In a move expected to lead to a significant devaluation of the pound, Sudan took an unprecedented step by floating its currency today, Sunday, in response to a major request by international financial institutions to help the transitional authorities reform the ailing economy. A statement issued by the Central Bank stated that Sudan’s currency will now fluctuate according to supply and demand. He stated that the float is part of measures initiated by the transitional government to help stabilize the country’s economy. The Central Bank of Sudan issued instructions to banks to unify the official and parallel exchange rate, starting from Sunday.
In a statement, the Central Bank did not clarify the rate at which the exchange rate was unified, but a letter of instructions from him said that he would set a daily basic price based on the reality of the market rate between banks and the role of money changers.
The instructions oblige banks to declare an exchange rate in a range that is more or less than five percent of the central bank rate based on market supply and demand, and that the profit margin between the buying and selling rates does not exceed 0.5 percent.
In practice, analysts say, consolidation means approaching a much weaker black market rate, given that nearly all transactions are accounted for at that rate.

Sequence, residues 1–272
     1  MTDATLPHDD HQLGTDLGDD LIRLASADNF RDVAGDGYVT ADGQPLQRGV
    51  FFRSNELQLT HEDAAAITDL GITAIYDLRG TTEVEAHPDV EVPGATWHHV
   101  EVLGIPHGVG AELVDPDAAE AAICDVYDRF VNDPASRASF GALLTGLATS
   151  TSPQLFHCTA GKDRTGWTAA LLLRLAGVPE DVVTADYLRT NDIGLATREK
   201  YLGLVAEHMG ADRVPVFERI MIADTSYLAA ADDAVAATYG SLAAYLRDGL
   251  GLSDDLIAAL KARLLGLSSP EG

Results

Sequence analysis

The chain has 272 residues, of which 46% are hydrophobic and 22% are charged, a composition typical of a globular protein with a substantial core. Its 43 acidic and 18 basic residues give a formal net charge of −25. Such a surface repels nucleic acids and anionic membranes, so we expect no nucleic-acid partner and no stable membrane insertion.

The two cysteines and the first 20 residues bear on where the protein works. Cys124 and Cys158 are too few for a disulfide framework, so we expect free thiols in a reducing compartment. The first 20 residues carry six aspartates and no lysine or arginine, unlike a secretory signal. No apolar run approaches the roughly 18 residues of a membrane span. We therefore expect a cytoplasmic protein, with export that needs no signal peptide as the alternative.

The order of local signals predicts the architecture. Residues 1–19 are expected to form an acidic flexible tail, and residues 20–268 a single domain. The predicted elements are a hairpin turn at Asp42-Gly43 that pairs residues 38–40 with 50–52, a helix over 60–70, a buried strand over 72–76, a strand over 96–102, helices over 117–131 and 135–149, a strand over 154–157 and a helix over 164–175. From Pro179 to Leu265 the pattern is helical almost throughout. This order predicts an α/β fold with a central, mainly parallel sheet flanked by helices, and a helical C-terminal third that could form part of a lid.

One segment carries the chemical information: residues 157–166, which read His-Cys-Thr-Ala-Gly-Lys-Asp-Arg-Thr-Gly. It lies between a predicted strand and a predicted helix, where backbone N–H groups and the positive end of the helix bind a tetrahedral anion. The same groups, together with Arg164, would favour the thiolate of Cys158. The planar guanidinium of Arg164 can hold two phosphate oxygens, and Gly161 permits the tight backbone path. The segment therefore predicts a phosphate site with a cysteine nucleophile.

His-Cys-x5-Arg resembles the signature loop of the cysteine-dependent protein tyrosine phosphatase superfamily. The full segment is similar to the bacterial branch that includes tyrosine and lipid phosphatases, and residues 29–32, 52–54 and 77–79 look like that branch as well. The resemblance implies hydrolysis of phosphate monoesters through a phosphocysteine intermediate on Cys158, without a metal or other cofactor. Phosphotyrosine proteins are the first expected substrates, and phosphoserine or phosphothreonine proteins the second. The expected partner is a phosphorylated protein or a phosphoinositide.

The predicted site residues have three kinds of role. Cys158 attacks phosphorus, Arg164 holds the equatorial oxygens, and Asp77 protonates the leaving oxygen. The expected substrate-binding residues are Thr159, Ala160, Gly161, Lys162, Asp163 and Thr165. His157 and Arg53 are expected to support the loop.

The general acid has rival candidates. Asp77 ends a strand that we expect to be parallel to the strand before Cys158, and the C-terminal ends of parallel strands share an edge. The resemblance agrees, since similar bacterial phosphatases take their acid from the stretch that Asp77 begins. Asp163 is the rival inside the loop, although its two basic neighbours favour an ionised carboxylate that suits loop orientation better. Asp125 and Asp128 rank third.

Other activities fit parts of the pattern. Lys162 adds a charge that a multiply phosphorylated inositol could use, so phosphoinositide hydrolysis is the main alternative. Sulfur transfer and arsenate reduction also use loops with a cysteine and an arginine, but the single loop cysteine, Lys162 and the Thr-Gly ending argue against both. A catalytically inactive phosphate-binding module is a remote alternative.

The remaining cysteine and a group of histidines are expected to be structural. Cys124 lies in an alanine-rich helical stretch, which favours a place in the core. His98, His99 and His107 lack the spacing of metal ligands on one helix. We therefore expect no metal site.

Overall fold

Recently, the price of the dollar reached between 350 and 400 Sudanese pounds on the black market, compared to an official price of 55 pounds.
The exchange rate move was expected late last year under the IMF program, but was delayed due to political instability.
It comes two weeks after Prime Minister Abdullah Hamdok appointed a new government, which included rebel groups that signed a peace agreement in October.
Hamdok works under the umbrella of a joint civil-military council that took power following the overthrow of Omar al-Bashir’s rule in April 2019.
Sudan has suffered for years from a host of economic problems, including a large budget deficit, widespread shortages of basic commodities, and high prices for bread and other basic commodities. The country has a debt of $ 70 billion, and its annual inflation rate rose to more than 300% last month.